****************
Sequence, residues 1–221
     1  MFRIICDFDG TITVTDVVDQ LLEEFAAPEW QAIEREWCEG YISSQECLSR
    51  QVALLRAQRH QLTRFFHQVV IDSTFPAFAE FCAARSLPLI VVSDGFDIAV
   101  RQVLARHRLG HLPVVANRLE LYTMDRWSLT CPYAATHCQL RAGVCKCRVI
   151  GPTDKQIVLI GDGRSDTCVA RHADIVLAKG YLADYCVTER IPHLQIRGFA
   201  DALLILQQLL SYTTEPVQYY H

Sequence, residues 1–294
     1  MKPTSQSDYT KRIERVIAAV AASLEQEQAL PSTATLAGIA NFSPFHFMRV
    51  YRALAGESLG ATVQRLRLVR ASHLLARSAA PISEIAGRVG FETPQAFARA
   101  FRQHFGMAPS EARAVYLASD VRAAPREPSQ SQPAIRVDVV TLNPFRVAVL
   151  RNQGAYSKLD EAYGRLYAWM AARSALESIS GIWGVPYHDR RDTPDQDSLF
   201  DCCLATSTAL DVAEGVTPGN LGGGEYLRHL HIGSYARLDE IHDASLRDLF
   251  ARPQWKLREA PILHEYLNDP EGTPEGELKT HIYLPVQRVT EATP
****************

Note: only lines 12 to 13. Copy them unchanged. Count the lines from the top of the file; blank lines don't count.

   201  DCCLATSTAL DVAEGVTPGN LGGGEYLRHL HIGSYARLDE IHDASLRDLF
   251  ARPQWKLREA PILHEYLNDP EGTPEGELKT HIYLPVQRVT EATP